“And when his brethren saw that their father loved him more than all his brethren, they hated him, and could not speak peaceably unto him.” Gen. 37:4.
“With Joseph, the Lord saw something in him that He could not find in Joseph’s brothers. Not only was he his father’s favorite son, but he was God’s favorite, too. God had in mind something great for Joseph — greater than the world could ever think of. To prove himself trust-worthy Joseph had to first become a slave. He had to be trained for the big job.
It was envy that moved the brothers of Joseph to sell him as a slave; they hoped to prevent him from becoming greater than themselves. And when he was carried to Egypt, they flattered themselves that they were to be no more troubled with his dreams, that they had removed all possibility of their fulfillment. But their own course was overruled by God to bring about the very event that they designed to hinder.
So the way Providence worked, it was that his brothers sold him to be a slave. Just then he recalled what the Lord had promised him in a dream — that besides his brothers, even his father and mother were to bow down to him. Can you imagine what a splendid opportunity was his to curse God when he saw himself on the way to slavery? He might have said, “Why should I serve a God that promises glory but instead gives humiliation, hardship and isolation?”
However, this was not his attitude. Whether at home, or as a captive, in all circumstances, Joseph was found to be a kind, peaceful, and God fearing man. These attributes he maintained in all the challenges of life.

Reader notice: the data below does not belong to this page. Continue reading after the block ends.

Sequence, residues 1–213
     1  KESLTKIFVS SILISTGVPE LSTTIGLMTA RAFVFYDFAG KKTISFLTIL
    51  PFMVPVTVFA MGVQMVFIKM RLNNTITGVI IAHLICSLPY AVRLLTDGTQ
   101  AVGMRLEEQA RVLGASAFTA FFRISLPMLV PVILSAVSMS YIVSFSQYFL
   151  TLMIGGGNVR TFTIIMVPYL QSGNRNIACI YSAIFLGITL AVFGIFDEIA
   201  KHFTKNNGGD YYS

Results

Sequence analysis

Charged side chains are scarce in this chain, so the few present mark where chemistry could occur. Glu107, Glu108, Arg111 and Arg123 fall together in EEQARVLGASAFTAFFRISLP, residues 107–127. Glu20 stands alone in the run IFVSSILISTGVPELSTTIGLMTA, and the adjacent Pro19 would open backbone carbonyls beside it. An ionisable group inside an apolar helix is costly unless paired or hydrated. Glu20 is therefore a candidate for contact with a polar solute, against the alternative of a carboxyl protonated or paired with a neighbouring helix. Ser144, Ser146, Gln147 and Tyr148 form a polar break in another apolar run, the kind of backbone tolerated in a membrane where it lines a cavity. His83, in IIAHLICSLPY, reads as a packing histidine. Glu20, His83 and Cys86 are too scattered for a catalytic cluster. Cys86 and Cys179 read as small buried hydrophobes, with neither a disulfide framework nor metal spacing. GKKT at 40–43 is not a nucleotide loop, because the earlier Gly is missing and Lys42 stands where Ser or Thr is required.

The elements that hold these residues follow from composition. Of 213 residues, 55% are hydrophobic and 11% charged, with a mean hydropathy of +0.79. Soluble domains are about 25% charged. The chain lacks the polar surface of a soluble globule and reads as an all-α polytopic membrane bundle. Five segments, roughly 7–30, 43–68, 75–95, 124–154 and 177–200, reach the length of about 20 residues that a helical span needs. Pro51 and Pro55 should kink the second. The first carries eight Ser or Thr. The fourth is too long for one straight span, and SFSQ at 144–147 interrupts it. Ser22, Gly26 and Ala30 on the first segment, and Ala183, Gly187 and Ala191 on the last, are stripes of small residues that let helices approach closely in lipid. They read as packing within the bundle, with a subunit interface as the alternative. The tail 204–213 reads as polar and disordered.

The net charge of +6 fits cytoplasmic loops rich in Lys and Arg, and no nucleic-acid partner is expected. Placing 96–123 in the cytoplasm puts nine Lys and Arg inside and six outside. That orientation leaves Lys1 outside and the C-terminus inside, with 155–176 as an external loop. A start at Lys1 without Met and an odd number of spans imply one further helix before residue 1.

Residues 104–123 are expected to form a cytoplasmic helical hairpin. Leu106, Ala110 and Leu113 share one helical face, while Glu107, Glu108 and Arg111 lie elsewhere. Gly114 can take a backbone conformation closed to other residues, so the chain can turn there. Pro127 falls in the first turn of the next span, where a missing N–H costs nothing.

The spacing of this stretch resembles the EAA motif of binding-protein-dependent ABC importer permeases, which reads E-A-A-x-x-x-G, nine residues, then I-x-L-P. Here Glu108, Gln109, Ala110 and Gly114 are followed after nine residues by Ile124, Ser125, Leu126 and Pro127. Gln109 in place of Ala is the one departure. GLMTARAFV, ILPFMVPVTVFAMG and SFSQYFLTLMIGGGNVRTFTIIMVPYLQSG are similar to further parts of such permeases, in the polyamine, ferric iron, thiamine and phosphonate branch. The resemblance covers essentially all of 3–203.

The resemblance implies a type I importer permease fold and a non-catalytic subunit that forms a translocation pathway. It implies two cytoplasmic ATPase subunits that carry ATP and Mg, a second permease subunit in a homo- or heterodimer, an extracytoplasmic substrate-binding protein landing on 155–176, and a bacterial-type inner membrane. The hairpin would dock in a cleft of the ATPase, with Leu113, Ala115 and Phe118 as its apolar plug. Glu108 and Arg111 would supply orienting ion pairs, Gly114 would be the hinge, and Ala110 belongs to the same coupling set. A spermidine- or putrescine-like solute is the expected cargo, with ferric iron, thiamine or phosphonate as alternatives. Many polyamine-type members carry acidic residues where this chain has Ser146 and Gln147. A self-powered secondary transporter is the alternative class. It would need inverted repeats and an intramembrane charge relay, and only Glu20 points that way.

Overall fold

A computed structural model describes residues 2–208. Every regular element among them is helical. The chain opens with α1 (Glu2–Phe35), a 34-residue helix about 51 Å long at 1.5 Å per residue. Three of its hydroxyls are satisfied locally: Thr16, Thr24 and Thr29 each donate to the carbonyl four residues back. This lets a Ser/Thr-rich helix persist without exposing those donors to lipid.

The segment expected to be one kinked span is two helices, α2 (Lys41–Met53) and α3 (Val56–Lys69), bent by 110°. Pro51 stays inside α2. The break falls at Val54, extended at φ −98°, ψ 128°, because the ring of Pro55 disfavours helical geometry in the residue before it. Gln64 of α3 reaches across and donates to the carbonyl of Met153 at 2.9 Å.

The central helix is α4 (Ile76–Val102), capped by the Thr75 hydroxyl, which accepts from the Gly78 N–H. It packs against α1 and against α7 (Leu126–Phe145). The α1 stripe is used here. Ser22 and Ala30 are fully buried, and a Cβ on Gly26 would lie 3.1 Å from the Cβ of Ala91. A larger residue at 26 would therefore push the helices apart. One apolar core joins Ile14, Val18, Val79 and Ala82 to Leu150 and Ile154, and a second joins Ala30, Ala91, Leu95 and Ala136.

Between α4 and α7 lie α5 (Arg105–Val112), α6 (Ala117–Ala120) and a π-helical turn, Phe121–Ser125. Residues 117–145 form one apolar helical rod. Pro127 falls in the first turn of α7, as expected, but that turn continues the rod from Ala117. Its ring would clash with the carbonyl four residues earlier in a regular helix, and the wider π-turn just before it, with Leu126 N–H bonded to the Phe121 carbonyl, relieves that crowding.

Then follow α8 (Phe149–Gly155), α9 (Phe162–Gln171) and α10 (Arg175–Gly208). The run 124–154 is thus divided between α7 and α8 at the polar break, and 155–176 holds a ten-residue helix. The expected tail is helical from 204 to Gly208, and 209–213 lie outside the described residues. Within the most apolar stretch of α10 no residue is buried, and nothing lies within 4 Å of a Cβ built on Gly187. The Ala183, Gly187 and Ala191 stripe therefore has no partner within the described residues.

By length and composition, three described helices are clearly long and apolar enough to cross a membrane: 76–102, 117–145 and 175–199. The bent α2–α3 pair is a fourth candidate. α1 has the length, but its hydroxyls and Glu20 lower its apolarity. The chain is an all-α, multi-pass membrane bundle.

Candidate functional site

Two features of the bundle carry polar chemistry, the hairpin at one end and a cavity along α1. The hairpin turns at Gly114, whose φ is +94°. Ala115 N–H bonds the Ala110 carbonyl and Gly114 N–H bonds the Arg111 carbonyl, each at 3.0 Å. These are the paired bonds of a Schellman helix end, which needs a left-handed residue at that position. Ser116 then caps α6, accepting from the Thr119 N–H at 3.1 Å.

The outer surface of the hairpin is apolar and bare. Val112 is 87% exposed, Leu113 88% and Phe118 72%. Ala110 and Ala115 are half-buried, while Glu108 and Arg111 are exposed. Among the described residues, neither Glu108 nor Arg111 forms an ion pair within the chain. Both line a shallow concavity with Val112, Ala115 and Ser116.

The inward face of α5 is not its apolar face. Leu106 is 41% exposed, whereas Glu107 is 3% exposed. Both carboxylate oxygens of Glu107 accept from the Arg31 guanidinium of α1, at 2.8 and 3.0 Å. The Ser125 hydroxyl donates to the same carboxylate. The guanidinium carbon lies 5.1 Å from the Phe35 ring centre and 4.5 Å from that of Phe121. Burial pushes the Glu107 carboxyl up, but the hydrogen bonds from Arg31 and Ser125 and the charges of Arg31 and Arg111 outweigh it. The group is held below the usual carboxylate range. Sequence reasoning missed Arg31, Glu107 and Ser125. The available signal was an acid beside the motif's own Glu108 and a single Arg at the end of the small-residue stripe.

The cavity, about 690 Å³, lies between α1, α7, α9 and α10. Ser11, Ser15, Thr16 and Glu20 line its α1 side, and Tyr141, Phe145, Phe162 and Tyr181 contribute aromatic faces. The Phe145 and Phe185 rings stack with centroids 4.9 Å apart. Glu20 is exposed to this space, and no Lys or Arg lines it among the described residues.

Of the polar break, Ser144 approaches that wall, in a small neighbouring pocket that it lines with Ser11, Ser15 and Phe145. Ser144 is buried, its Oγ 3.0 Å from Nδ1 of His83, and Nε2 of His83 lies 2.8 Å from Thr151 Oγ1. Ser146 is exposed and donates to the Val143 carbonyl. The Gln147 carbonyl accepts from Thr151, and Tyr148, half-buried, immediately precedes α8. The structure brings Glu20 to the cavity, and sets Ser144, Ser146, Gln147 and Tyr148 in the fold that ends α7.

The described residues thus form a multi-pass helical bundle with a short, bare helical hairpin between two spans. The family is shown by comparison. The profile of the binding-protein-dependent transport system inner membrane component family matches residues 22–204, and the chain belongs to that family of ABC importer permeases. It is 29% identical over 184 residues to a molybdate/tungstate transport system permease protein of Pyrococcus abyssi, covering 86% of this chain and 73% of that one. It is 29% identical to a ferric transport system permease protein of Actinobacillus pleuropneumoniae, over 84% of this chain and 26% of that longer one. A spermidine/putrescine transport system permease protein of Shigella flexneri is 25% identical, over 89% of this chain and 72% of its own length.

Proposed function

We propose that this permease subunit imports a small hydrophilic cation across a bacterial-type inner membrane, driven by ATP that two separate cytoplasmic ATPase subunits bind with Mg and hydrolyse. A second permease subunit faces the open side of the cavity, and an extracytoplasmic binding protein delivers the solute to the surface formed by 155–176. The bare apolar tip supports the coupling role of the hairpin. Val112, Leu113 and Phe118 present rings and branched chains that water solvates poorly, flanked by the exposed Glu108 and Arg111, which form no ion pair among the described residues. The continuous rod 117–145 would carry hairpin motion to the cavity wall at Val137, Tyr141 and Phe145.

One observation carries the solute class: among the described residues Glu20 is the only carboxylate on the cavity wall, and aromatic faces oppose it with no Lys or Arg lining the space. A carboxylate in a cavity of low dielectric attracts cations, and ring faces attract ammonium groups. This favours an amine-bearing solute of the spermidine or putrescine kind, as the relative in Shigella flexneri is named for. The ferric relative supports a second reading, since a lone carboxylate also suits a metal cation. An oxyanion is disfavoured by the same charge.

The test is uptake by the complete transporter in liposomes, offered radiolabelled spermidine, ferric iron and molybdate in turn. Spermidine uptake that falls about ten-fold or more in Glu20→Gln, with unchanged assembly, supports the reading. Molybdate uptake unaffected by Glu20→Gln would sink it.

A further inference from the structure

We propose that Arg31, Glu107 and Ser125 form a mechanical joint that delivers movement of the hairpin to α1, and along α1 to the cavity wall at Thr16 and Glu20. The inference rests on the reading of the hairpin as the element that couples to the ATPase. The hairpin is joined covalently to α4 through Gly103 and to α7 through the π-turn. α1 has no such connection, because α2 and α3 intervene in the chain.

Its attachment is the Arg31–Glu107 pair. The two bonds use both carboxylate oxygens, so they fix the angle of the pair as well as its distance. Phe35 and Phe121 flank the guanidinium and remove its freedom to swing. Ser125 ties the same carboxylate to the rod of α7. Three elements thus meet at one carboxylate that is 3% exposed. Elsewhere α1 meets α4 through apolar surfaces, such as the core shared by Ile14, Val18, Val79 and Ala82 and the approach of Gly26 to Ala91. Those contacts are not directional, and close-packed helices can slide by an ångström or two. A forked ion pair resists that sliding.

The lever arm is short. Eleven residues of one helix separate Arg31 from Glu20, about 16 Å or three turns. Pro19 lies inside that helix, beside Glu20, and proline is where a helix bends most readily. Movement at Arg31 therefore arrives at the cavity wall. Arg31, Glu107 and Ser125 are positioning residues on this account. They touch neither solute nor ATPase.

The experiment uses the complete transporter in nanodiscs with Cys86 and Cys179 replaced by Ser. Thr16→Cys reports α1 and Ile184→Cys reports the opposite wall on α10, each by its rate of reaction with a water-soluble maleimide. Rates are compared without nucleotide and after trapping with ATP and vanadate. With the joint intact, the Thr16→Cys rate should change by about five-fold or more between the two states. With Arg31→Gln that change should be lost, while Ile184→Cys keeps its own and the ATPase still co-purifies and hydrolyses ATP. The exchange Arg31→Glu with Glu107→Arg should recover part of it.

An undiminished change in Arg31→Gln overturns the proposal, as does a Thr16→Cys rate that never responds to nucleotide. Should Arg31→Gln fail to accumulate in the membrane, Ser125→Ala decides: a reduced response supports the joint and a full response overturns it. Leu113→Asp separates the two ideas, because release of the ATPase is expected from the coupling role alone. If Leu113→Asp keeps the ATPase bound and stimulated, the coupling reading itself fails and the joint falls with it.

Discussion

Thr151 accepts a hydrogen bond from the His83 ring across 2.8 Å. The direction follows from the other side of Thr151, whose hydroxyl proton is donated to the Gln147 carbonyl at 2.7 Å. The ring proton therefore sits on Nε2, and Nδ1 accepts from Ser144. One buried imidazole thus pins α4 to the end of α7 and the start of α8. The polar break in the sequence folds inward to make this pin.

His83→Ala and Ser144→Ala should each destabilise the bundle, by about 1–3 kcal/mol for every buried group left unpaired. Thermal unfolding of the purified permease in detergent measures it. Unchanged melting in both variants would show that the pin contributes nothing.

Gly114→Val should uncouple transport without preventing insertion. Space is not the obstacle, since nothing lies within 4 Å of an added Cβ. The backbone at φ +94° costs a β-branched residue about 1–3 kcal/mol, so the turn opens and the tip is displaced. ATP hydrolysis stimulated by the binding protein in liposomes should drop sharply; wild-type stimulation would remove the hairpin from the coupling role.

Joseph’s life was a living example of the words, “If it be possible, as much as
lieth in you, live peaceably with all men.” Rom. 12:18.
Even while in grief, Joseph must have demonstrated his ability to serve, and must have shown great respect to his slave masters while on the way to Egypt, because then it was that the peddlers found out the worth of their captive, and then realized that they could sell him to someone who wanted something good and that could pay the price.
Joseph quickly reconciled himself to his situation, confident that his father’s God knew all about his troubles. Thus his slave masters, the Ishmaelites, immediately recognized that they were in possession of a fine slave, a slave that they could sell for a good piece of money. How do I know this? I know it because the Ishmaelites took him straightway to a man who would buy nothing but the best… to one that could pay the price. Rich men, you know, do not buy cheap things, neither do salesmen take cheap things to them.”
CC 79.2, 1TG No 2. 24-27